Histamine and histamine receptors in allergic dermatitis

Hiroshi Otsu, Masahiro Seike

Research output: Chapter in Book/Report/Conference proceedingChapter

12 Citations (Scopus)

Abstract

In this chapter we will first introduce the pathophysiological process of several skin diseases including allergic dermatitis, a common skin disease, including chronic allergic contact dermatitis (CACD), and atopic dermatitis (AD). In CACD and AD patients, repeated skin exposure to antigens contributes to the development of chronic eczematous lesions. Repeated application of haptens on mice allows emulation of the development of CACD in humans. Further, we will focus on H1, H2, and H4 histamine receptors and their effects on CACD and AD. Histamine-deficient mice, with a knockout histidine decarboxylase (HDC) gene, were used to investigate the role of histamine in CACD and AD. Histamine induces infiltration of inflammatory cells, including mast cells and eosinophils, and elevates Th2 cytokine levels in CACD. Histamine promotes the development of eczematous lesions, elevates IgE serum levels, and induces scratching behavior in CACD. The administration of H1 or H4 receptor antagonists was effective to ameliorate these symptoms in murine CACD models. The combination of H1 and H4 receptor antagonists is a potential therapeutic target for chronic inflammatory skin diseases such as CACD and AD, since combined therapy proved to be more effective than monotherapy.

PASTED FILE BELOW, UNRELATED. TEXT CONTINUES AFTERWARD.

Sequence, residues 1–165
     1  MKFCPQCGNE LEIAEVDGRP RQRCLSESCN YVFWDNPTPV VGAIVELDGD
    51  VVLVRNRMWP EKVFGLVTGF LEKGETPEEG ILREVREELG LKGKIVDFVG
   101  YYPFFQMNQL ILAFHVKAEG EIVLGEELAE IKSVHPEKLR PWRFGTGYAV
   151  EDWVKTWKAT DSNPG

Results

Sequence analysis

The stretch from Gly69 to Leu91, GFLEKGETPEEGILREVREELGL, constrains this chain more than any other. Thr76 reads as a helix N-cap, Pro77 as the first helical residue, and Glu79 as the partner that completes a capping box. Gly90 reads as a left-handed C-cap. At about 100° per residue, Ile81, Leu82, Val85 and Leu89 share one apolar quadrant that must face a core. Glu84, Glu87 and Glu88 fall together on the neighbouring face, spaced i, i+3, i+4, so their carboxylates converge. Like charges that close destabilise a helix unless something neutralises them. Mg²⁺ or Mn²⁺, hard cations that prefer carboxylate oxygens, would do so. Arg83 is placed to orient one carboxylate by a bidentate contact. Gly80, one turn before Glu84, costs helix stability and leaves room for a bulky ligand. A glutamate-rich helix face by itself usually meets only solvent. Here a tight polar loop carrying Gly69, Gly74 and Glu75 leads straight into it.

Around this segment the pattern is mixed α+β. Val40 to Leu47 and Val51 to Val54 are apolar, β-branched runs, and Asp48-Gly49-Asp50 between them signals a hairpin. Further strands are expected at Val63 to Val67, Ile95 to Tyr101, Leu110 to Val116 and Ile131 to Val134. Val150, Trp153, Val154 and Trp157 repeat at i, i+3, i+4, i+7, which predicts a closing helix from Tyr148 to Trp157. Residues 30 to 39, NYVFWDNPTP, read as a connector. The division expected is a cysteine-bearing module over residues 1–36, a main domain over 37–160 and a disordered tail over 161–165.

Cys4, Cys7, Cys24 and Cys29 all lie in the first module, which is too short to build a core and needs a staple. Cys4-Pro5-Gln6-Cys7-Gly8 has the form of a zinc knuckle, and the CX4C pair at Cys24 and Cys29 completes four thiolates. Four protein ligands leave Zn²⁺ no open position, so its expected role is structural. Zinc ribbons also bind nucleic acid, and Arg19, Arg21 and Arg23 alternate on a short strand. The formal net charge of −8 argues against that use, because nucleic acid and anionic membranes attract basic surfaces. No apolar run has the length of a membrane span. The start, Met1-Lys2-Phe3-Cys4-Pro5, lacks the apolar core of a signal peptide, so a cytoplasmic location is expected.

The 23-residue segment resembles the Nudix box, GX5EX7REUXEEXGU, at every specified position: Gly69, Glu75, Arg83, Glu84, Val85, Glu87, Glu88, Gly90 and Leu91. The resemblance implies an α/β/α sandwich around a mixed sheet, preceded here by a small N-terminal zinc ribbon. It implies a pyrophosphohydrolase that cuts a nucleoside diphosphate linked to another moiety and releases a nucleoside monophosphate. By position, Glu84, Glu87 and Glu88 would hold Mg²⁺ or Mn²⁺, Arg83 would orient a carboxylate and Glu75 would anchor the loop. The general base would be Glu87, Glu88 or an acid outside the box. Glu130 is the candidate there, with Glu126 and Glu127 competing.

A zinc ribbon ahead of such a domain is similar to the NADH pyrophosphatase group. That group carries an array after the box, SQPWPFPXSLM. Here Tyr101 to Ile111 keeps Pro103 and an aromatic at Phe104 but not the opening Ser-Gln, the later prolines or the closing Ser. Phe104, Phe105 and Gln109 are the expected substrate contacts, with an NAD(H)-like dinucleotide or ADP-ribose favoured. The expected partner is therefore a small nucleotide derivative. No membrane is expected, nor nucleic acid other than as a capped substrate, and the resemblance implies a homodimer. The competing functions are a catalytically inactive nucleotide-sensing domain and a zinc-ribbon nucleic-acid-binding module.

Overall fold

Original languageEnglish
Title of host publicationHandbook of Experimental Pharmacology
PublisherSpringer New York LLC
Pages333-345
Number of pages13
DOIs
Publication statusPublished - 2017 Jan 1

Publication series

NameHandbook of Experimental Pharmacology
Volume241
ISSN (Print)0171-2004
ISSN (Electronic)1865-0325

Keywords

  • Allergic dermatitis
  • Atopic dermatitis
  • Chronic allergic contact dermatitis
  • Histidine decarboxylase (-/-) mice

ASJC Scopus subject areas

  • Biochemistry
  • Pharmacology, Toxicology and Pharmaceutics(all)

Fingerprint Dive into the research topics of 'Histamine and histamine receptors in allergic dermatitis'. Together they form a unique fingerprint.

Cite this